Just as rumors about the PlayStation 4′s release date and the Xbox 720′s tech threatened toÂ monopolizeÂ the console conversation, Nintendo stepped up its efforts to ensure that the recently released Wii U remains a vitalÂ componentÂ of that debate. In a powerhouse Nintendo Direct presentation this morning, Nintendo President Satoru Iwata took the wraps offÂ Yarn YoshiÂ andÂ The Legend of Zelda: The Wind Waker for Wii U, announced Shin-Megami Tensei X Fire Emblem, debuted footage from Monolith Soft’s untitled Wii U project Â (which looks very much like some sort of sequel to Xenoblade Chronicles) and confirmed that Super Smash Bros. U, a new 3D Mario game, and Mario Kart for Wii U will all appear at E3 2013.
Games are only half the story. System updates promise to bring new features to Miiverse, add Virtual Console titles to the Wii U eShop and speed up the system’s notoriously slow loading times.
The first (and most exciting) of two pending Wii U system updates is scheduled nebulously for Spring, with Iwata’s comments during the Nintendo Direct presentation suggesting an April time frame. The Spring update will begin the process of reducing Wii U’s load times, and shortly after the update goes live, so will Virtual Console on Wii U. Curiously, Nintendo is taking an incremental approach to addressing the Wii U’s troublesome load times, and users will have to wait for the system’s Summer update for the process to be complete. In any case, Iwata promises that software will launch faster, and users will be able to return to the Wii U menu faster, after each update.
When the Wii U Virtual Console launches this Spring, it will contain only a subset of the games currently available on Wii. Initial offerings will be restricted to a selection of NES and SNES titles, to be followed by games from a system new to Virtual Console, the Game Boy Advance. NES games will run $4.99 to $5.99, while Super Nintendo games will be $7.99 to $8.99. Iwata notes that the Wii U Virtual Console games are being newly developed, and aren’t just ports of the existing Wii versions. And yes, you’ll be able to play them right on the GamePad screen, no TV required. The Wii U Virtual Console games will also allow users to create Restore Points, and will have their own Miiverse communities.
That’s the good news. The bad news, in this case, is that users who have previously purchased NES or SNES Virtual Console games on Wii and transferred those games to Wii U will have to pay a fee if they want access to the updated Wii U versions – specifically, a buck for NES games and a buck fifty for SNES games. Not exactly highway robbery, but still a bit of a bummer.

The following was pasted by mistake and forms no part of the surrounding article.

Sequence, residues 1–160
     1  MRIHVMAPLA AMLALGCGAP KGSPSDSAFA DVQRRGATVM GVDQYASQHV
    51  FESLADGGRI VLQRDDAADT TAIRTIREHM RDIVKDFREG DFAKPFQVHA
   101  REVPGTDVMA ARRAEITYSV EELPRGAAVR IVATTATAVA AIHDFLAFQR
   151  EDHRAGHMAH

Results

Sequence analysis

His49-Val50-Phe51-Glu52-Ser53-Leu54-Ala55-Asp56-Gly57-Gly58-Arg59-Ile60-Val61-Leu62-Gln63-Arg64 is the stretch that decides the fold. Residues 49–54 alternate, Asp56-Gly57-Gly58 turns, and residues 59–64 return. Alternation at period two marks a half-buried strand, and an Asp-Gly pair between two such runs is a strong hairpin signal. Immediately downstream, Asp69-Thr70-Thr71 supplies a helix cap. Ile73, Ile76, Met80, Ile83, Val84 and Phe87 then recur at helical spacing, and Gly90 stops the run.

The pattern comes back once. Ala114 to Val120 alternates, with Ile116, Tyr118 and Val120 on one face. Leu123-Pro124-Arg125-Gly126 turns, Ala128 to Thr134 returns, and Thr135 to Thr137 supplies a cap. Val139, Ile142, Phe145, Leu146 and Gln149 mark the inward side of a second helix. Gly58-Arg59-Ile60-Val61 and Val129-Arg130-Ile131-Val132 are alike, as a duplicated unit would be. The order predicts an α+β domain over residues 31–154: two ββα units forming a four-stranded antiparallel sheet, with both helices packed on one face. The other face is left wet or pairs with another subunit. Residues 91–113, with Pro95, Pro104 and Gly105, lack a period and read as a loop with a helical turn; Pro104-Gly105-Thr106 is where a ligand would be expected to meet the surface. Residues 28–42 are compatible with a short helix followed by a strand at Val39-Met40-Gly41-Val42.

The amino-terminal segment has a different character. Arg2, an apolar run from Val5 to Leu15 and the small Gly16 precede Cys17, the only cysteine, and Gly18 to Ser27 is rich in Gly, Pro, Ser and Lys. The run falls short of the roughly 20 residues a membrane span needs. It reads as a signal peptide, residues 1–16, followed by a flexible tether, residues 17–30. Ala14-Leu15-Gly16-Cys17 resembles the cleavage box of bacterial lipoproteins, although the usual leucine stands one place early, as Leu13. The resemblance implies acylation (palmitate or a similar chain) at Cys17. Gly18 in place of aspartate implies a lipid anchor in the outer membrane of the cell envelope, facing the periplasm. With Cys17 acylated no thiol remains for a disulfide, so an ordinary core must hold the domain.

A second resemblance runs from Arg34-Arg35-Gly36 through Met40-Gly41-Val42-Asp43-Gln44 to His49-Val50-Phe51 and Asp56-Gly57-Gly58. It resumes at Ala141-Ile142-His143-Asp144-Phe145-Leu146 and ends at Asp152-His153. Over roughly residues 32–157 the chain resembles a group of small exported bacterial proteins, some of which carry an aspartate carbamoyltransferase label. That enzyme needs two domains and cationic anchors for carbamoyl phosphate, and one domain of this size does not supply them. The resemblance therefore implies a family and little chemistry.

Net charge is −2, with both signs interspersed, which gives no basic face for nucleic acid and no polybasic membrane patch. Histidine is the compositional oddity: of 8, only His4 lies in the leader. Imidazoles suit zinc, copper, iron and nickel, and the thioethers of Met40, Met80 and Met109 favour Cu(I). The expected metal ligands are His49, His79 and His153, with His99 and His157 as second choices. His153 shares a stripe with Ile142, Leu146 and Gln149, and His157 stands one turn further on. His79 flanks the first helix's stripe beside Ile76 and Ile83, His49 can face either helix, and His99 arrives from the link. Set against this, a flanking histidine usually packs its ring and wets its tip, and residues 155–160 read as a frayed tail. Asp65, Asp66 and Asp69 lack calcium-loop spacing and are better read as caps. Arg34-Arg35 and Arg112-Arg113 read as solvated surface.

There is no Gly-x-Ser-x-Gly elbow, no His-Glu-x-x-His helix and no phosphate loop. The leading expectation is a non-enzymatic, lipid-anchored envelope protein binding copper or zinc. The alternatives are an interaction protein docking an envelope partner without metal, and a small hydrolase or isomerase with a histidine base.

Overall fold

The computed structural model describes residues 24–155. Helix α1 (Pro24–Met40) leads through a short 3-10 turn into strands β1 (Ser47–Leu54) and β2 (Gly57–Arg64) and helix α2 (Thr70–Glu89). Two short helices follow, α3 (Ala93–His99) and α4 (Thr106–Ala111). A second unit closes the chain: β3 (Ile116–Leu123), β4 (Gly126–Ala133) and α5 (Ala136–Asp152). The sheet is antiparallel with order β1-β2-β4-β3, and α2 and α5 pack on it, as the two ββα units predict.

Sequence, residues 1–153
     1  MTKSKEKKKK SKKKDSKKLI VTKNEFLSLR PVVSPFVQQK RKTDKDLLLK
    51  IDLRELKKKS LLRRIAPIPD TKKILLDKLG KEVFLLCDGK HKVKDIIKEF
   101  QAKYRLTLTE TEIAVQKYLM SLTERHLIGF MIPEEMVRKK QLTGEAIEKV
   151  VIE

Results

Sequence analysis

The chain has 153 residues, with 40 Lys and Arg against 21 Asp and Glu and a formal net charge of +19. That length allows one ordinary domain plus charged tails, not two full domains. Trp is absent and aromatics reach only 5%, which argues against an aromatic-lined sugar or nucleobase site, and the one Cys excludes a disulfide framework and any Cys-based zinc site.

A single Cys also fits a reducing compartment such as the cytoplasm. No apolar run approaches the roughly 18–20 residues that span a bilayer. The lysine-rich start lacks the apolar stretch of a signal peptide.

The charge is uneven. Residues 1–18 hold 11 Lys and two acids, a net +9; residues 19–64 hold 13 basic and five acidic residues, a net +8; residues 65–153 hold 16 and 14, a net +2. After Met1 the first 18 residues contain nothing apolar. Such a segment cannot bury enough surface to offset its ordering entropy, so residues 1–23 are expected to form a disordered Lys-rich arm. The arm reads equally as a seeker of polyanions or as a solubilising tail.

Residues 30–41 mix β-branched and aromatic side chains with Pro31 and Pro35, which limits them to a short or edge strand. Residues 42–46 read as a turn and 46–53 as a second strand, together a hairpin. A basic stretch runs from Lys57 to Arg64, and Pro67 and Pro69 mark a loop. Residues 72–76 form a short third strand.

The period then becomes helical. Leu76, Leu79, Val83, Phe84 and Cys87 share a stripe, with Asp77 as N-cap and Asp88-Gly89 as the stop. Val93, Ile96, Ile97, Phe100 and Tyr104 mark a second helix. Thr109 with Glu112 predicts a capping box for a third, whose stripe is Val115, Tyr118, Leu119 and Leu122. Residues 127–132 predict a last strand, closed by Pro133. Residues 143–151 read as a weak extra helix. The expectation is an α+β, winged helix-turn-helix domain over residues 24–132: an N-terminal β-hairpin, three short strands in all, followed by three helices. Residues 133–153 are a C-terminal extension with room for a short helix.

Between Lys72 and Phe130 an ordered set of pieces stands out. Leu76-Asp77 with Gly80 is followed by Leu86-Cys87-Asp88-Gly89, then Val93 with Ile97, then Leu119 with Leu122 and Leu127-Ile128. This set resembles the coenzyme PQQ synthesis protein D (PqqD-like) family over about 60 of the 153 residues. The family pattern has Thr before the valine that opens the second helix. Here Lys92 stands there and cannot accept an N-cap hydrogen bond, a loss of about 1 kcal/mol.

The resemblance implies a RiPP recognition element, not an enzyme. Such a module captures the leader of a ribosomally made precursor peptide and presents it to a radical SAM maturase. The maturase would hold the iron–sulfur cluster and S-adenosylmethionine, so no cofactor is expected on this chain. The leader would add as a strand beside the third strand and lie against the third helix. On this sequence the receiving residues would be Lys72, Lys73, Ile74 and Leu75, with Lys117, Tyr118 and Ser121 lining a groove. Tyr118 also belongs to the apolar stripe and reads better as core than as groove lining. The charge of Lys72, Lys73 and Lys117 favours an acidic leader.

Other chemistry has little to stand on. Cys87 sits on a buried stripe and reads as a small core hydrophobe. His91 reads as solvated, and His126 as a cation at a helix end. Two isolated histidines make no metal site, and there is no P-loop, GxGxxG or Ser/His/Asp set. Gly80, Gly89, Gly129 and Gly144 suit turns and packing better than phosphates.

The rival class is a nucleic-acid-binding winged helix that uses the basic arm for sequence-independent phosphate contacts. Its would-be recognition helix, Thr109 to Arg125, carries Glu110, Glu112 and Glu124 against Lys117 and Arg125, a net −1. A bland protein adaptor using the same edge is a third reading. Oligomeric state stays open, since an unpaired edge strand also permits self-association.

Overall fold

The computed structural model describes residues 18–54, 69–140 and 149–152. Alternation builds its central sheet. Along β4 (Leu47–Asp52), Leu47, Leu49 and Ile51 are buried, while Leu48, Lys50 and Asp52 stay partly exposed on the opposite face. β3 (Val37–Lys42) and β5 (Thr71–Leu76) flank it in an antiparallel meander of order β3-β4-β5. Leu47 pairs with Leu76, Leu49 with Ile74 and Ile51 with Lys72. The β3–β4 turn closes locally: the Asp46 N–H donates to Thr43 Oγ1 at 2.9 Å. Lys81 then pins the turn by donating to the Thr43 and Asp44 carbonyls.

Taking some of the sting out of that bit of news is Nintendo’s Virtual Console Trial Campaign, which is going on right this very minute. In celebration of the 30th anniversary of the Family Computer (a.k.a. Famicom, known as the NES outside of Japan), Nintendo is releasing one classic game on Wii U’s eShop each month, starting now and running through July. For 30 days, that title will be available for the paltry sum of Â thirty cents. Thirty cents! Balloon Fight is already available, to be followed by F-Zero in February, Punch Out!Â FeaturingÂ Mr. Dream in March, Kirby’s Adventure in April, Super Metroid in May, Yoshi in June, and the game that started it all, Donkey Kong, in July.
Miiverse received a lot of attention during the presentation, and no wonder. Nintendo’s gamers-only social network has proven to be an unexpected highlight of the Wii U since the system launched last November (just like Reggie said it would). According to Iwata, new features are on the way.
“BecauseÂ Miiverse is, in broad terms, a closed web-based service that employs many internet sever side features, we can easily make changes and also add features. We are planning to expand some features this Spring.”
Chief among those expanded features is the ability for users to browse Miiverse from their smartphones. That functionality is slated to arrive this Spring as a browser-based experience (which, presumably, will also be available from PC), with dedicated apps to follow sometime in the future. In addition to offering users new ways to access Miiverse, Nintendo is also adding to the service’s functionality. When Wii Fit U launches (it’s due sometime in the “first half of the year,” so… end of May?), users will be able to create their own closed MiiverseÂ communities, with a specific ID number assigned to each group. Pikmin 3, meanwhile, will allow players to take in-game pictures with the GamePad and display the results on Miiverse. Also on deck, more than one official community for popular games, along with filtering functions and unspecified usability improvements.
After an uncomfortably quiet post-launch period during which Nintendo was obviously focused on driving holiday Wii U sales, the company has come roaring back. More than ever, this is a Nintendo that is actively listening to its audience and responding to that audience’s wishes. While Sony and Microsoft continue to jockey forÂ positionÂ in the next-gen race, Nintendo is here right now with hardware and games that are only looking better and better. It’s almost a relief to say it, but it’s an exciting time to be a Nintendo fan.
Ranters, which of the new Wii U features are you most looking forward to? Faster load times? Miiverse on your phone? Virtual Console games on GamePad? Let us know in the comments below.
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Source: Nintendo Direct